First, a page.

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ASU Electronic Theses and Dissertations


This collection includes most of the ASU Theses and Dissertations from 2011 to present. ASU Theses and Dissertations are available in downloadable PDF format; however, a small percentage of items are under embargo. Information about the dissertations/theses includes degree information, committee members, an abstract, supporting data or media.

In addition to the electronic theses found in the ASU Digital Repository, ASU Theses and Dissertations can be found in the ASU Library Catalog.

Dissertations and Theses granted by Arizona State University are archived and made available through a joint effort of the ASU Graduate College and the ASU Libraries. For more information or questions about this collection contact or visit the Digital Repository ETD Library Guide or contact the ASU Graduate College at gradformat@asu.edu.




Biological soil crusts (BSCs) are critical components of arid and semiarid environments and provide the primary sources of bioavailable macronutrients and increase micronutrient availability to their surrounding ecosystems. BSCs are composed of a variety of microorganisms that perform a wide range of physiological processes requiring a multitude of bioessential micronutrients, such as iron, copper, and molybdenum. This work investigated the effects of BSC activity on soil solution concentrations of bioessential elements and examined the microbial production of organic chelators, called siderophores. I found that aluminum, vanadium, copper, zinc, and molybdenum were solubilized in the action of crusts, while nickel, zinc, …

Contributors
Noonan, Kathryn Alexander, Hartnett, Hilairy, Anbar, Ariel, et al.
Created Date
2012

Finding habitable worlds is a key driver of solar system exploration. Many solar system missions seek environments providing liquid water, energy, and nutrients, the three ingredients necessary to sustain life. Such environments include hydrothermal systems, spatially-confined systems where hot aqueous fluid circulates through rock by convection. I sought to characterize hydrothermal microbial communities, collected in hot spring sediments and mats at Yellowstone National Park, USA, by measuring their bulk elemental composition. To do so, one must minimize the contribution of non-biological material to the samples analyzed. I demonstrate that this can be achieved using a separation method that takes advantage …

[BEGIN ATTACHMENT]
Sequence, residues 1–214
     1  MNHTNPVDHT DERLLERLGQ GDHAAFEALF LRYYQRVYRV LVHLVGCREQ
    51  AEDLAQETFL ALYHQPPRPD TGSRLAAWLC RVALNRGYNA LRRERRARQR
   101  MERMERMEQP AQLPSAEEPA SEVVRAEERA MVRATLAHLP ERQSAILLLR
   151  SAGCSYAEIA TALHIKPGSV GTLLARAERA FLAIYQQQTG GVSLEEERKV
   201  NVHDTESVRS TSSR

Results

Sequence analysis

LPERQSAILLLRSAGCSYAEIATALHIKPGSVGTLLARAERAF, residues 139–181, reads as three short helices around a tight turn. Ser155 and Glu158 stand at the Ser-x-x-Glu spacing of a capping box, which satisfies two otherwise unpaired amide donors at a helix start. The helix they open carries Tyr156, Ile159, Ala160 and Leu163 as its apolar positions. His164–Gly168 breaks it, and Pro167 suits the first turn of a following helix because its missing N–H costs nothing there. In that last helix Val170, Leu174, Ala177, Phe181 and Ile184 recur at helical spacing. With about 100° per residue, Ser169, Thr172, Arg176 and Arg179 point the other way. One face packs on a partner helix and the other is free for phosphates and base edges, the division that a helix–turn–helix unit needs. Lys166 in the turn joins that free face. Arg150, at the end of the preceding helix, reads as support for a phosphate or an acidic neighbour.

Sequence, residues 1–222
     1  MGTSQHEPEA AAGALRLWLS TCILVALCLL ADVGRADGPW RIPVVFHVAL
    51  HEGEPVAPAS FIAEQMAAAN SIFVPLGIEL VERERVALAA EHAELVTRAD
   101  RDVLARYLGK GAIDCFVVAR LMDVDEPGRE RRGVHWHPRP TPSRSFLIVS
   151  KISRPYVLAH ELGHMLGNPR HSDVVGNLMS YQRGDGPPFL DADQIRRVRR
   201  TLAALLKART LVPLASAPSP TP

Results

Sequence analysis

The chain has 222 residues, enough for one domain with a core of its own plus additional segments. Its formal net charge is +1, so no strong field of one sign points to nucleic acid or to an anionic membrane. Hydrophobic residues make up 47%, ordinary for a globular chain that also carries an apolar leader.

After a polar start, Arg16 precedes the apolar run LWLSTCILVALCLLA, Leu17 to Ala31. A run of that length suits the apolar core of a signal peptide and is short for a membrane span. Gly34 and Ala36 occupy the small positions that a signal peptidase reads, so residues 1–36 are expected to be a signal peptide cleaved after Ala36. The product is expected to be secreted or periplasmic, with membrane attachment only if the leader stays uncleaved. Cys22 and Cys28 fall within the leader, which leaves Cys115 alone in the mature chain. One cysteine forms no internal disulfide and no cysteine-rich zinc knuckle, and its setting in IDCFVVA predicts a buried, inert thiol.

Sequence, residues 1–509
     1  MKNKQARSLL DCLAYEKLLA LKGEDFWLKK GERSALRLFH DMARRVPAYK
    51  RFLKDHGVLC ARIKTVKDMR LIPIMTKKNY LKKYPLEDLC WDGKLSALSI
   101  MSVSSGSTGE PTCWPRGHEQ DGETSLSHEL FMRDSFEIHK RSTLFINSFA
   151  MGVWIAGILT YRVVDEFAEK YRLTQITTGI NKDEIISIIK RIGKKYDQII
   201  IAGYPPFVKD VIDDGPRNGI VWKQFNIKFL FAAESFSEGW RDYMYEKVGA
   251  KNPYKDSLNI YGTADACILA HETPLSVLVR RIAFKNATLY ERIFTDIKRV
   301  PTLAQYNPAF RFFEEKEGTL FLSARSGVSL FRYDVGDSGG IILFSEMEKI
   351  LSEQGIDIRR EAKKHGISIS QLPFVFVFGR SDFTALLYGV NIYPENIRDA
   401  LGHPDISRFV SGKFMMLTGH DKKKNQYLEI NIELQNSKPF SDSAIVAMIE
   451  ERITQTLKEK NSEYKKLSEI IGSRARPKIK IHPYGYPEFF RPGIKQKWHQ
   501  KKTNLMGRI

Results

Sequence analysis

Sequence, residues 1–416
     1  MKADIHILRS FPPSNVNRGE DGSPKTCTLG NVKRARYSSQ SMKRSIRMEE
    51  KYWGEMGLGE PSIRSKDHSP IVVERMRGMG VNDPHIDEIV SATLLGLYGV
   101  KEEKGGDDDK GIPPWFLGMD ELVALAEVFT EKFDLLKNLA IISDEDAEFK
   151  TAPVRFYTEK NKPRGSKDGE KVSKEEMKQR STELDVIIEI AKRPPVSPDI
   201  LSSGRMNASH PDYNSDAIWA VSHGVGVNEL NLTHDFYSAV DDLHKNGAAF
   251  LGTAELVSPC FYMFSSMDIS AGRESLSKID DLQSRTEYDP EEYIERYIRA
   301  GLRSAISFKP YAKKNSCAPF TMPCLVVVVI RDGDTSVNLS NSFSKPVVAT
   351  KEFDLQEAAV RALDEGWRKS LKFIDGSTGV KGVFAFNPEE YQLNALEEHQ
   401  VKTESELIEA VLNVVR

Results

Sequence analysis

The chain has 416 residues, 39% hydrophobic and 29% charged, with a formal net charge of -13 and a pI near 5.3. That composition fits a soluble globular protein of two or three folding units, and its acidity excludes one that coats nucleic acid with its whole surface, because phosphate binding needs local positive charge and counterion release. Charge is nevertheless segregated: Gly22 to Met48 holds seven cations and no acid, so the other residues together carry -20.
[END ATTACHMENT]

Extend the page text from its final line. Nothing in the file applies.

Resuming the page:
Contributors
Neveu, Marc, Desch, Steven J, Anbar, Ariel D, et al.
Created Date
2015

There is a growing body of evidence that the evolving redox structure of the oceans has been an important influence on the evolutionary trajectory of animals. However, current understanding of connections between marine redox conditions and marine extinctions and recoveries is hampered by limited detailed knowledge of the timing, duration, and extent of marine redox changes. The recent development of U isotopes (δ238U) in carbonates as a global ocean redox proxy has provided new insight into this problem. Reliable application and interpretation of the δ238U paleoproxy in geological records requires a thorough understanding of the reliability of δ238U recorded by …

Contributors
Zhang, Feifei, Anbar, Ariel, Gordon, Gwyneth, et al.
Created Date
2018

Utilizing both 16S and 18S rRNA sequencing alongside energetic calculations from geochemical measurements offers a bridged perspective of prokaryotic and eukaryotic community diversities and their relationships to geochemical diversity. Yellowstone National Park hot spring outflows from varied geochemical compositions, ranging in pH from < 2 to > 9 and in temperature from < 30°C to > 90°C, were sampled across the photosynthetic fringe, a transition in these outflows from exclusively chemosynthetic microbial communities to those that include photosynthesis. Illumina sequencing was performed to document the diversity of both prokaryotes and eukaryotes above, at, and below the photosynthetic fringe of twelve …

Contributors
Romero, Joseph Thomas, Shock, Everett L, Cadillo-Quiroz, Hinsby, et al.
Created Date
2018